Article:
Friday, October 29, 2010

2010 Divali Nagar - Coral Springs, Florida Oct 28-30th - Devi Play LIVE Streaming!

Namaste, Hari Om,

Divali Nagar is a celebration for the community regarding the values and teachings of Divali.

Its hosted by a local non-profit organization based in Florida that has put a great deal of time and effort into this community event. There are various forms of devotional dancing, music, singing, and art work - There are also old Indian village replicas.

One aspect of Divali Nagar we wanted to promote is the Devi Play. The Devi Play is from the Sri Mad Devi Bhagvatam, we recently posted about the exact article on the blog; 

Its a wonderful play depicting the Devi's importance in the Ramyana when Shri Rama is sorrowful in the loss of Sita Mata. Please see the play Live Streaming Via this link Oct30th;  

Please Provide comments or let us know what you think of the play - Takes place Saturday Oct 30th - 6pm US Eastern Standard time, that will be, 12am In Germany, 12pm In Singapore, or 3:30AM In India.

If you can not watch it, it will be recorded and posted to the internet. Its finally a chance to dive deeper into the influence of the Devi within the  Ramayana.

Jai Adi-Shakti Maa!

Tuesday, October 12, 2010 Hinduism and Nature (Go Green Connection)

Namaste, Hari Om,

No religion, perhaps, lays as much emphasis on environmental ethics as does Hinduism. It believes in ecological responsibility and says like Native Americans that the Earth is our mother. It champions protection of animals, which it considers also have souls, and promotes vegetarianism. It has a strong tradition of non-violence or ahimsa. It believes that God is present in all nature, in all creatures, and in every human being regardless of their faith or lack of it.’ - Dr. David Frawley

(Note: I don't wholly agree with the first line, i believe all religions hold this same emphasis, just in various ways). 

Plants are mothers and Goddesses.” - (Rig Veda Samhita x-97-4)

This is extremely powerful, a mother can birth children, thus trees and plants can birth new off spring. We should look at mother nature as a true mother, they provide shade, food and sustainability in living conditions.

All to often we forget about the world we live in, sometimes we think that we are just one person, how can we save this earth, "We are just a drop in this big ocean".

Well the maha sagar (great ocean) would be nothing without every drop, same for our efforts - together we can fill any bucket drop by drop.

There is a old stigma that the older generations do not know of the go green theme, or are unaware of our planets suffering. Looking at the below points, not only do the older generations know of it, they also forewarned us all of it. In the Garuda Purana, Garuda flew to the three worlds and told Vishnu that he has seen movable and immovable creatures in all three worlds. I stopped and thought to myself, what is an immovable creature? These are plants, trees and living matter that does not move, yes even rocks!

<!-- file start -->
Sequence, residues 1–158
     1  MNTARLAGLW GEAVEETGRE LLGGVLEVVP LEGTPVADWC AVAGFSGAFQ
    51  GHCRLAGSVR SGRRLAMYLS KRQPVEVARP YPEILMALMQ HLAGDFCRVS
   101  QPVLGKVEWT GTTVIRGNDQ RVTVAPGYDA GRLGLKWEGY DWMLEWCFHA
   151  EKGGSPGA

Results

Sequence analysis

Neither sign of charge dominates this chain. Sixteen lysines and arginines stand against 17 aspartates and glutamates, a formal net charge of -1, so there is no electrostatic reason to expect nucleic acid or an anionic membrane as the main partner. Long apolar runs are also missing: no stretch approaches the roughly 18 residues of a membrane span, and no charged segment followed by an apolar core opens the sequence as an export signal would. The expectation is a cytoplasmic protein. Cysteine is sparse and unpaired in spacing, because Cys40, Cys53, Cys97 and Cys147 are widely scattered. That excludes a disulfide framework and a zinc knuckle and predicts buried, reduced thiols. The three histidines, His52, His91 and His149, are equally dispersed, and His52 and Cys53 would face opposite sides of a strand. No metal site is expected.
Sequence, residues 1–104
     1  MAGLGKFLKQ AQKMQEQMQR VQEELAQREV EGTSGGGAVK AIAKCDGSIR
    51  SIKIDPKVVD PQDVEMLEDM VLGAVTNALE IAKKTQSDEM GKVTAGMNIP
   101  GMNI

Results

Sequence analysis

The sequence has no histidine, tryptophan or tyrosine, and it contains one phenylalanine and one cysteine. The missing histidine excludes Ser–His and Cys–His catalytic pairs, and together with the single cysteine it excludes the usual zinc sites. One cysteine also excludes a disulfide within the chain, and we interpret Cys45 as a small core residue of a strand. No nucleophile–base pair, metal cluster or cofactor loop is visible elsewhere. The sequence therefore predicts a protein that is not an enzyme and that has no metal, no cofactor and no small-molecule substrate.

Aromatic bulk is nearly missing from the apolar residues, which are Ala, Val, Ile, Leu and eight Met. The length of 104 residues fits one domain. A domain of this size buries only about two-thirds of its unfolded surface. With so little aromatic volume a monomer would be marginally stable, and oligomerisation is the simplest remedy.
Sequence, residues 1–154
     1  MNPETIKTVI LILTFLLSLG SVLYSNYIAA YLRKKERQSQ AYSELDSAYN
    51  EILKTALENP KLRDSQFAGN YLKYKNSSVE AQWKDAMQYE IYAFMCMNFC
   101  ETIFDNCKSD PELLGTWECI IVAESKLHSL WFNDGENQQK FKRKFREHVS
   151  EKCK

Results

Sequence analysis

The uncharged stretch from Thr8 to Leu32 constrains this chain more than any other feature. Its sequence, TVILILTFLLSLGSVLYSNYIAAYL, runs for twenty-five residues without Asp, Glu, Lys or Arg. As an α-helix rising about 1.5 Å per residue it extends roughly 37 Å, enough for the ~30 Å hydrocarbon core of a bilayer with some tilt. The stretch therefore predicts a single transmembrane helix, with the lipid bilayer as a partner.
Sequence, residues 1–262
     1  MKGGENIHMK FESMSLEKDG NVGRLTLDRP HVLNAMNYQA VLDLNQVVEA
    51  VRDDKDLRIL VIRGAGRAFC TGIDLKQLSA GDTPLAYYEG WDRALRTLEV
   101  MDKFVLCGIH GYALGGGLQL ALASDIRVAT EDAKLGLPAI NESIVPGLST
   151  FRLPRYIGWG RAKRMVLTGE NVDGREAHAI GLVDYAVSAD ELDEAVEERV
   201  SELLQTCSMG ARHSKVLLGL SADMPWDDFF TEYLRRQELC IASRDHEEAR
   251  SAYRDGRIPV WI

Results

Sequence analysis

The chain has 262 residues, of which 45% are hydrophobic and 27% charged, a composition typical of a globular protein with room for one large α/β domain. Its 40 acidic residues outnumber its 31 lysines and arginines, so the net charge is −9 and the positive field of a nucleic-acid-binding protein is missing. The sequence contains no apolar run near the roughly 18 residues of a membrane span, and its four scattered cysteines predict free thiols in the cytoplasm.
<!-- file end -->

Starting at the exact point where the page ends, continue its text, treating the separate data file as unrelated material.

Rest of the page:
If we do not have respect for the life forms that support us, how can we support each other? Lets take a look at some of the notes from past scriptures;

Waters cleanse humanity from the evil of pollution committed by it.” - (Atharva Veda Samhita xii-2-40)

The waters we have in our world are being defiled by pollution all for the magical dollar. We are sacrificing our own mother for the sake of pleasing our materialistic needs. Ganga Mata came from the louts like feet of Lord Vishnu, thus she is pure and ever cleansing. Wherever there is dirty water caused by humans, there will be a lack of good health and food standards – is this a direct link to dirty water? Yes.

Continue reading the below, it’s a great eye opener to those who are Hindu/faith based/religious, and question why we should go green. You can not afford a dualistic lifestyle while walking the spiritual path – I have often said that we can not just turn off the Spiritual switch when we want too. It must be on always as we are tested always!

Contaminating our bodies with flesh and sorrow (From the dead animals as they experienced pain while bing slaughtered) is bad, same for contaminating our planet. It starts with one drop, together we can fill the bucket and clean up this world.

Jai Mata Ki Jai,


Please read the Article below from

Nature and Hinduism are so entwined that it is quite impossible to think about one without the other. The need for an ecological balance is stressed in the Vedas and Upanishads and this message is repeated in the Ramayana, Mahabharata, Gita, Puranas and in the messages of Hindu saints. Mother Nature is worshipped in Hindu religion. But for majority of Hindus, worship is confined to temples and homes and thus they are equal contributors in global warming, pollution and emissions.

Here are a few thoughts which ancient seers of Sanatana Dharma had shared more than 5000 years ago regarding the importance of nature and majority of them are highly relevant today.

•One should not destroy the trees. (Rig Veda Samhita vi-48-17)